Allen Kenney: Yes. Yes, you are.
Kevin McGuire: I am going to go with Oregon State’s Mike Riley. I do not necessarily believe he is a bad coach, but if you take a look at what is happening in the Pac-12 right now, Oregon State may feel like it is in a position where it needs to make a change on the sidelines. It’s one thing to compare your program to Oregon and what Chip Kelly is doing. It is another thing to see schools like Washington State, UCLA, Arizona and Arizona State make coaching changes and all of a sudden seem to have more to look forward to as the Pac-12 begins to expand its national presence. Sometimes that carries more weight, and if Oregon State wants to remain in the public light, the Beavers may need a bigger name coach to take over.
A convincing loss to the rival Ducks at the end of the regular season could be his last chance to save his job in Corvalis.
Michael Felder: I don’t think Maryland can afford to dump Edsall. I love the Mike Riley pick, but I’m not going to pretend to understand how the people in Corvallis think.
I love the Spaziani pick. Boston College cares about football. This is the worst that the Golden Eagles have been since, well, since I cannot even remember. They lost everything they stood for in terms of great defense, sound offense and getting to bowl games, and after giving a guy everyone liked a shot, they have been burned something fierce. Frank Spaziani is proof of why you don’t let the “good guy” take over your program. That “company man” has done damage that Larry Coker looks at and thinks, “Sheesh, what were you doing up there?”
He’s gone. There is no way BC gets over five or so wins, and the team has only one reason to go to the games; that’s to see Kaleb Ramsey improve his draft stock. Spaziani has got to be the guy who is gone.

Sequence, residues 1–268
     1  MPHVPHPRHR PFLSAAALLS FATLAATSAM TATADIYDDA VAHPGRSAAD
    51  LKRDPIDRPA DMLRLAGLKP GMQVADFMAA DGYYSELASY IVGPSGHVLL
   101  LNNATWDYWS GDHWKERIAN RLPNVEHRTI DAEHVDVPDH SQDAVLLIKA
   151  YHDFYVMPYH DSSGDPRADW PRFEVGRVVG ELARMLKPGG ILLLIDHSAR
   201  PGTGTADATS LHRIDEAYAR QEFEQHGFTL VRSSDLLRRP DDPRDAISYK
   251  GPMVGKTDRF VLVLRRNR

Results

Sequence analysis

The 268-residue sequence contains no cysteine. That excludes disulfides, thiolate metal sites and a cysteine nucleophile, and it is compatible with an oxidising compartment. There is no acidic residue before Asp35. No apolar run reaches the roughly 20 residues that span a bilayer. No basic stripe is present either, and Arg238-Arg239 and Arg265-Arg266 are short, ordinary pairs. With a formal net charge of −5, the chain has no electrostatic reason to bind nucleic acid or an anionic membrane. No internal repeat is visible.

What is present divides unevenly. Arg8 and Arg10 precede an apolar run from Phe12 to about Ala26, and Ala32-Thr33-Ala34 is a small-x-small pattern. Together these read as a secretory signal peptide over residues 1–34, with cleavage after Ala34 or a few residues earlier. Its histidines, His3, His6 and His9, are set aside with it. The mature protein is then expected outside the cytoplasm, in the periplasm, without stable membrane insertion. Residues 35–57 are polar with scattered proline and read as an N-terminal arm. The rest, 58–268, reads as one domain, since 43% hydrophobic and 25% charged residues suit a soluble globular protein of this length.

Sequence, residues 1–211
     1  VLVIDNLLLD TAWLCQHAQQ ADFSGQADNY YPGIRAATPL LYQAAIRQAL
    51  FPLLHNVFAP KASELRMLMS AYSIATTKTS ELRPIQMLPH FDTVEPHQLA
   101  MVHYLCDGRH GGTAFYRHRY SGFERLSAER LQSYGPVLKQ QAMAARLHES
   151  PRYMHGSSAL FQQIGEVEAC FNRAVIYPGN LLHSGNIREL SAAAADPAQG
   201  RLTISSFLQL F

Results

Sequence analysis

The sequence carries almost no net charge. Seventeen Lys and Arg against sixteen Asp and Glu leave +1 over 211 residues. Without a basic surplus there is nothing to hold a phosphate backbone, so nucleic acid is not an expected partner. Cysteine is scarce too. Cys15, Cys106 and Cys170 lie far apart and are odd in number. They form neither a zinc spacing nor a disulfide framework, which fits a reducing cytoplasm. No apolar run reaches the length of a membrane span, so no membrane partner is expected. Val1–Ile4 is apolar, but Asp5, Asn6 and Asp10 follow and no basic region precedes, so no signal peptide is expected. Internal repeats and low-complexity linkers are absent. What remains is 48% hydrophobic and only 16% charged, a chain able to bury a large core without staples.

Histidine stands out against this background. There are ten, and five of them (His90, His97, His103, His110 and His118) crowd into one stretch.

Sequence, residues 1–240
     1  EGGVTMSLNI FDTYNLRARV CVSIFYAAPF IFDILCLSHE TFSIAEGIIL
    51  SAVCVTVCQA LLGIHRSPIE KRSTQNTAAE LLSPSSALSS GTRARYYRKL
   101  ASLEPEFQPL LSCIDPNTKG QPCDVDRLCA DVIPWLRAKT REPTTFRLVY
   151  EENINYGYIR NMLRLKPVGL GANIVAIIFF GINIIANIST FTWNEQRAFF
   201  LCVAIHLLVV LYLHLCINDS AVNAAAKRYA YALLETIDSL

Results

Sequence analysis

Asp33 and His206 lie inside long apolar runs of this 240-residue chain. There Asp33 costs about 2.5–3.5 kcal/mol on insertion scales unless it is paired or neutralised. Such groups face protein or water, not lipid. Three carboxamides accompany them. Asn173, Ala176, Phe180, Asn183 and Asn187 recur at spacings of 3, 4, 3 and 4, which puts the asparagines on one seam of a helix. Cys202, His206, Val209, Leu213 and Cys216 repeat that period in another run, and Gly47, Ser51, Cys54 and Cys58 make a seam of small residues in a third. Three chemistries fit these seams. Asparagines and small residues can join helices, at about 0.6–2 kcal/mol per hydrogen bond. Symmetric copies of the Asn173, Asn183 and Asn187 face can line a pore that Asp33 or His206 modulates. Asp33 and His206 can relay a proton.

Tom Perry: I hate to go small school on this one, but Central Michigan will drop Dan Enos. It won’t shock me if he is forced out with about three games left in the season. He took over a program that was a consistent winner under Brian Kelly and Butch Jones and he has gone 3-9 in back-to-back seasons. It doesn’t look like the Chippewas will be much better in 2012. Three years may be too quick to pull the trigger, but the expectations were so high that another down year won’t be tolerated.
Allen Kenney: Like Tom, I’m going a little farther off the radar and picking UTEP’s Mike Price.
In fairness to Price, winning at UTEP is a tall order. El Paso doesn’t exactly sell itself to recruits. The Miners also play body bag games on the reg – this year, they draw Oklahoma, Ole Miss and Wisconsin out of conference.
Even so, UTEP has dropped off a cliff since the Miners went 16-8 in Price’s first two season, 2004 and 2005. Since then, they have been to a bowl just once. They haven’t finished a season with a winning record. Their best finish in the Conference USA West Division? Tied for third in 2009.
I expect UTEP will be an underdog in nine games this season – and a big one in a lot of them. Plenty of that is beyond Price’s control, but when has that ever mattered? I don’t pretend to know what’s on the UTEP administration’s mind, but he strikes me as a prime candidate to be on the chopping block.
Andrew Coppens: Allen’s pick is cheating. This is the final year of Mike Price’s contract, so they don’t have to fire him, just let the contract lapse. Way to take the easy way out!
Allen Kenney: Um, well… It’s rolling, baby!
Gotta be honest, I didn’t bother looking at his deal. Good catch. My pick stands, though – Price won’t get renewed.